By MICHAELLA BLISSETT WILLIAMS, CEO
As a small business owner, I welcomed the COVID emergency relief bill Congress approved in the waning days of 2020, a disastrous year for many of us working to keep our operations afloat and our employees on the payroll.
Unfortunately, the rescue package falls far short of what’s essential to sustaining small businesses, the backbones of our communities, as we approach the darkest days of the pandemic and with a COVID-19 vaccine still many months away for most Americans.
That’s why next week I’ll be joining more than 1,600 other small business owners from 48 states across the U.S. — including almost 200 from New York City — to virtually take our concerns directly to members of Congress and urge them to embrace a comprehensive, long-term recovery agenda that puts us front and center.
Every small business owner in New York City and beyond knows that navigating this continuing uncertainty requires more than Congress’s survival stop-gap measure. At my salon, we have had to cut hours for staff out of concern for COVID-19 safety and put off plans to bring on new hairdressers.
We also know that with help from Congress, small businesses can survive the pandemic, support our employees, continue contributing to the economy and be of service to our communities across the country.
Here’s what it will take:
- Short-term pandemic survival policies, including access to long-term capital to cover up to six months of payroll, benefits and fixed operating expenses; rent deferrals or assistance; a temporary liability shield; and tax incentives to help small businesses reopen.
- Medium-term pandemic recovery policies, including streamlined Request for Proposal processes for small businesses, and incentives to encourage larger companies to use more small business vendors.
- And longer-term policies addressing age-old challenges facing small businesses owners and their employers, including access to quality, affordable health care and child care.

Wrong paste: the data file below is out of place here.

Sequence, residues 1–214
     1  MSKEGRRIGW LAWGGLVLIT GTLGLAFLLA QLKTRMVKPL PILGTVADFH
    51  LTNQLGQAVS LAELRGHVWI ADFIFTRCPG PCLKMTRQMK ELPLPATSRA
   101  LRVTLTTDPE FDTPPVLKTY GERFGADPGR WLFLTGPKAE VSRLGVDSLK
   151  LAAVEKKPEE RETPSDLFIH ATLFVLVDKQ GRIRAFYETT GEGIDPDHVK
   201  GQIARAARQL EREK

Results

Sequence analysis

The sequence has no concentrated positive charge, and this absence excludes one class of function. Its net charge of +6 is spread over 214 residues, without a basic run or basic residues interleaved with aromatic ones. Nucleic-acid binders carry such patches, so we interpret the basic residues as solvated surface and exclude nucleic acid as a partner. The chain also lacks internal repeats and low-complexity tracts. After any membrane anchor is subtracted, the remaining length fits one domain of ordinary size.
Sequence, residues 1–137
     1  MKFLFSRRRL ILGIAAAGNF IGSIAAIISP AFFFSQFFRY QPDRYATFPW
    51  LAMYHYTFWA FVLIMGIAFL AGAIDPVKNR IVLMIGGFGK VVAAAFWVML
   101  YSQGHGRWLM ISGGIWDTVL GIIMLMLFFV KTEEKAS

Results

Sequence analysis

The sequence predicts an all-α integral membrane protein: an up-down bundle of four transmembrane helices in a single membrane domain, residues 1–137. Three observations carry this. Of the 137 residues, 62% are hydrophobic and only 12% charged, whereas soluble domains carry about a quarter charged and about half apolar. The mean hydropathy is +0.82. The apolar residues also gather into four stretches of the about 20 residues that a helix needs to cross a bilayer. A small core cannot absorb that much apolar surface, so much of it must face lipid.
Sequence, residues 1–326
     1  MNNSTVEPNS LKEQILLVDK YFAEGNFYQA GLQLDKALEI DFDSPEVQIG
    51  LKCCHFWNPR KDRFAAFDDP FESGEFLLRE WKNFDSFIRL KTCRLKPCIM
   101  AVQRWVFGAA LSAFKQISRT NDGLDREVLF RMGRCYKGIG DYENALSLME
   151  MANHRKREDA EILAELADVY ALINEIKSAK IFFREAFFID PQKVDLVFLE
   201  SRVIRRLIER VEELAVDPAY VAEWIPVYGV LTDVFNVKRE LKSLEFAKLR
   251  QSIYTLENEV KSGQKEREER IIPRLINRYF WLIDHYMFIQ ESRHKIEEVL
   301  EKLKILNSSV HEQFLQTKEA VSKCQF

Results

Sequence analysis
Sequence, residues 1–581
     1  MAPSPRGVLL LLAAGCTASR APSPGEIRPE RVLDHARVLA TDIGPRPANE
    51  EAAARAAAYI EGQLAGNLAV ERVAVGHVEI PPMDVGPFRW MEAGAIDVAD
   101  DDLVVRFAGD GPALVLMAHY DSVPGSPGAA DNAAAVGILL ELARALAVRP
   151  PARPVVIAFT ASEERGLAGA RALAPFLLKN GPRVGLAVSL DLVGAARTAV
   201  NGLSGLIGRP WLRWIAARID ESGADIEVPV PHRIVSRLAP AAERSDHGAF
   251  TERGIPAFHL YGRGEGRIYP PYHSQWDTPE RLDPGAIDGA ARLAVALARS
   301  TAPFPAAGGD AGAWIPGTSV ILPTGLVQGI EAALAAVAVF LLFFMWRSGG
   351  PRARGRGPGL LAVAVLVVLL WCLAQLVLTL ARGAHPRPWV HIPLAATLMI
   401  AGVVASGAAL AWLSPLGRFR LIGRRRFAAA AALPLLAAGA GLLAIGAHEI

Trust me, this is not where my fellow small business owners and I expected to be when this year started. I began 2020 with plans to bring on 10 to 15 new trainees, growing and scaling our business, and we weren’t able to do that this year because of the virus. The pandemic brought everything to a screeching halt.
My story is not unique. I’m part of the Goldman Sachs 10,000 Small Businesses Voices community, and a survey late last year found that 42% of us have been forced to lay off employees or cut compensation, more than half had to stop paying ourselves and a third dipped into personal savings to keep our businesses operational.
While grateful to legislators for agreeing on a relief package, I’m pleading, as a small business owner, for our elected officials to step up with a comprehensive plan for small businesses. We employ nearly half the private sector workforce and play a crucial role in the economies of every state, big city and small town across America.
That’s why I’ll be adding my voice next week to the chorus of small business owners urging members of Congress to hear us and help us. Our nation’s economic recovery depends on it.
Williams owns Salon 718 in Brooklyn. She is an alumna of the Goldman Sachs 10,000 Small Businesses Voices community.